The result is what I hope is a useful — and relevant — publication.

Finally, congratulations to the shortlisted authors in the BC and Yukon Book Prizes. We will be rooting for all of you at the Prize announcements on September 18th. — Richard Mackie


The Ormsby Review. More Books. More Reviews. More Often.

Publisher and Editor: Richard Mackie

The Ormsby Review is a journal service for in-depth coverage of B.C. books and authors. The Advisory Board consists of Jean Barman, Wade Davis, Robin Fisher, Cole Harris, Hugh Johnston, Patricia Roy, David Stouck, Maria Tippett, and Graeme Wynn. Scholarly Patron: SFU Graduate Liberal Studies. Honorary Patron: Yosef Wosk. Provincial Government Patron since September 2018: Creative BC

“Only connect.” – E.M. Forster



8 comments on “1102 The irrelevant Ormsby Review

  1. I admire what you’re doing at The Ormsby Review, Richard. A vital range of work considered by a range of reviewers. I don’t think the role of a journal — online or print — should be to review only those books appearing on short-lists, though of course many of them will, but to give a wide a selection of books a chance to be read and thought about and passed on to others. I come to The Ormsby Review for the news. Some of it surprises me, some of it moves me, and quite a lot of it challenges me. Thank you, and the many reviewers who take the time to read the books and offer a fair appraisal of their strengths and weaknesses. Much appreciated.

  2. Irrelevant? Who is this vicious influential twit??? Probably some venial type competing for control of grants with a boring institutional mindset. The Ormsby Review — a breath of fresh air for independent substantial comment in a sea of sycophantic twiddlers — deserves support.

  3. “Relevance” is in the eye of the beholder, of course. It’s in the same subjective category as “boring,” and useful only as an indicator of the speaker’s willingness to take a chance on things. We live in an era of closed minds—a world in which the perceived relevance of an opinion is all too often judged by its virality on social media, a time when media outlets for thoughtful criticism are mere shadows of what once they were, if they still exist at all. The Ormsby Review is a bottomless bran-tub of quirkiness and surprise (and, yes, disappointment, as bran-tubs sometimes are). It offers a wide connection to the authentic human experience. And is free to anyone who wants to stay abreast of the activities of the West Coast writing community and is ready to be provoked, stimulated, informed and entertained by a consistent flow of ideas, discussion and anecdote that he or she might otherwise not have engaged with. The “influential person in the B.C. arts community” (and what an awesome burden of distinction that must be!) may have his or her own views on the Ormsby editor’s choices both in book and reviewer, and is under no obligation to read everything that Ormsby offers. And yes, maybe some of the books reviewed are self-published, but so what? Proust paid to have Swann’s Way published. Fifty Shades of Grey was self-published. So was The Tale of Peter Rabbit. They can all these days be found on someone’s bedside (maybe even in the same pile). As Arnold Spohr, the legendary director of the Royal Winnipeg Ballet, would say whenever he was confronted by a negative review of his company, life is filled with personal taste. None of these considerations should in any way diminish the value and importance (the relevance, one might almost say) of the service the Ormsby Review provides.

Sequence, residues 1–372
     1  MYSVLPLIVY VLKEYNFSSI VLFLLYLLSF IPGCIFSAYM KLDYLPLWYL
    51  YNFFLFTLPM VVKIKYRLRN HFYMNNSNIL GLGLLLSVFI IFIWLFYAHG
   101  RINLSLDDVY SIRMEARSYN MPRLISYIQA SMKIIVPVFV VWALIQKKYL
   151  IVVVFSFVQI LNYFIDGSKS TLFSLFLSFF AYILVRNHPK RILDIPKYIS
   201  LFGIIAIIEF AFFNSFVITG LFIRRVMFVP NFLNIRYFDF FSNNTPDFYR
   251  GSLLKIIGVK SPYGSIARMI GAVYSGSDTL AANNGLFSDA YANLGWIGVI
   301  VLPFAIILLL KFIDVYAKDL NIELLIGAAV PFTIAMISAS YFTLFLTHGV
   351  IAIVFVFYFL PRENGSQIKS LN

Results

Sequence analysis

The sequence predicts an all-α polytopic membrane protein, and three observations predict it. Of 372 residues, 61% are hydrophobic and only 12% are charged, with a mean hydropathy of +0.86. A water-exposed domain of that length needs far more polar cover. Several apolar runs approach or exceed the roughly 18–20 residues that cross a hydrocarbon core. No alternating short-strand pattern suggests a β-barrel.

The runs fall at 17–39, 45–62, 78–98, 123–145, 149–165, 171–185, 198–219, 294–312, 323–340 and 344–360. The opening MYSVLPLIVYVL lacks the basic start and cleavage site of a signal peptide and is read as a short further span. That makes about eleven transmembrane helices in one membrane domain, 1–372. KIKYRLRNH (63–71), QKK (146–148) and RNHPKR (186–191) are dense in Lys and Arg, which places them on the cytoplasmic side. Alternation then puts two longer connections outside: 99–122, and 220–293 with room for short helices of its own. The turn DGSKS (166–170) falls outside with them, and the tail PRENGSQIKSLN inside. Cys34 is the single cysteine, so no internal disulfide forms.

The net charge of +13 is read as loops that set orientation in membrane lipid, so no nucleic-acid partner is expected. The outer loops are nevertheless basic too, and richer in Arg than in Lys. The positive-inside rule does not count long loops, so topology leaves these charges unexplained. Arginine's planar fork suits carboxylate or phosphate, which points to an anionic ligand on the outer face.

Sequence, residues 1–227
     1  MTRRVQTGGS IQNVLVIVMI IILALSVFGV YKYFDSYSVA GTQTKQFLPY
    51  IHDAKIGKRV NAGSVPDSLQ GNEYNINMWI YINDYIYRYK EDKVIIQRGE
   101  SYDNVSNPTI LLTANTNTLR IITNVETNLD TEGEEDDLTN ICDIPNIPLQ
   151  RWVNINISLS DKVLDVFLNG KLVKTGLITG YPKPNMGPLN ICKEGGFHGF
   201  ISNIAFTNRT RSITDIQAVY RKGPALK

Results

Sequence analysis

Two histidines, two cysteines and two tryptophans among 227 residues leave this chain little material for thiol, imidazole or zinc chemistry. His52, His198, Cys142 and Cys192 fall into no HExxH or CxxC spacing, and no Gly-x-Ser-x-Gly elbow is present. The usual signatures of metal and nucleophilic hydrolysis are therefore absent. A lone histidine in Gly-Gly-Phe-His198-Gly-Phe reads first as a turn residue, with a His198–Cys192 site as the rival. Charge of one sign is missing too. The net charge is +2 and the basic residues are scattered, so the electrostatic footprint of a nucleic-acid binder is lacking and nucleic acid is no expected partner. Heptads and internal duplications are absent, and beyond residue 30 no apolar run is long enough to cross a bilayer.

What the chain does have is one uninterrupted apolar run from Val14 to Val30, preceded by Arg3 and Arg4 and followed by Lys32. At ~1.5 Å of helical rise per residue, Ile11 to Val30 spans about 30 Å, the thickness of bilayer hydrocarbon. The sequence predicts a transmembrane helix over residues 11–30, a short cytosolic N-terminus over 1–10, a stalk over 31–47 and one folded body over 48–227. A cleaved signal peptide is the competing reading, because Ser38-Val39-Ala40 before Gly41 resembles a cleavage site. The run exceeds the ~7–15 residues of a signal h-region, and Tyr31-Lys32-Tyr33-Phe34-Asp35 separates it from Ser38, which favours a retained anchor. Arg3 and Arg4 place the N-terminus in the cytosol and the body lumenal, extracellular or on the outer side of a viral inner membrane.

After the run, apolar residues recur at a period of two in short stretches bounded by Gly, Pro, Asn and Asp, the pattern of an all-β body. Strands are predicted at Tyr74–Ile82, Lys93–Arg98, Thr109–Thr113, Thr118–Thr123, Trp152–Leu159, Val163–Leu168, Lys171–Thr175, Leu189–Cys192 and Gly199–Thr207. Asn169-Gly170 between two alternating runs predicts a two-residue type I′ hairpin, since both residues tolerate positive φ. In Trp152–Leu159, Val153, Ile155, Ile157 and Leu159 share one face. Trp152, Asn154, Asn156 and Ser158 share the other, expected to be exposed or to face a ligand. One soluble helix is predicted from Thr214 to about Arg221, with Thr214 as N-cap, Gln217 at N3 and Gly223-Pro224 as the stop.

4. I cannot think of a source that is more relevant to readers of BC fiction and non-fiction, to writers, and to reviewers, than TOR.

    As a reviewer, not only do I receive an opportunity to sharpen my writing and critical thinking skills; I also get a wider picture of what is available for my reading pleasure. As a reader of TOR, I get to share my new knowledge with the well read seniors whom I teach and those in my equally erudite book club and wider circle of friends.

    I would say Richard Mackie, through The Ormsby Review, is an influencer par excellence.

  5. I too would like to know who this so-called “influencer” is in the arts community. Ormsby reviews are very relevant, both for readers, writers and publishers. Reviews are very important to make a book successful and Ormsby Reviews do a great job!

  6. I would certainly like to know who this “influencer” is, so I can ascertain the relevance of their career.

    Keep up the great work, Ormsby!

    1. Good for you, Richard, for presenting such a clear picture of all that Ormsby does. BTW, I wonder whose reviews the ‘influencer’ considers to be ‘relevant’ — the New York Times??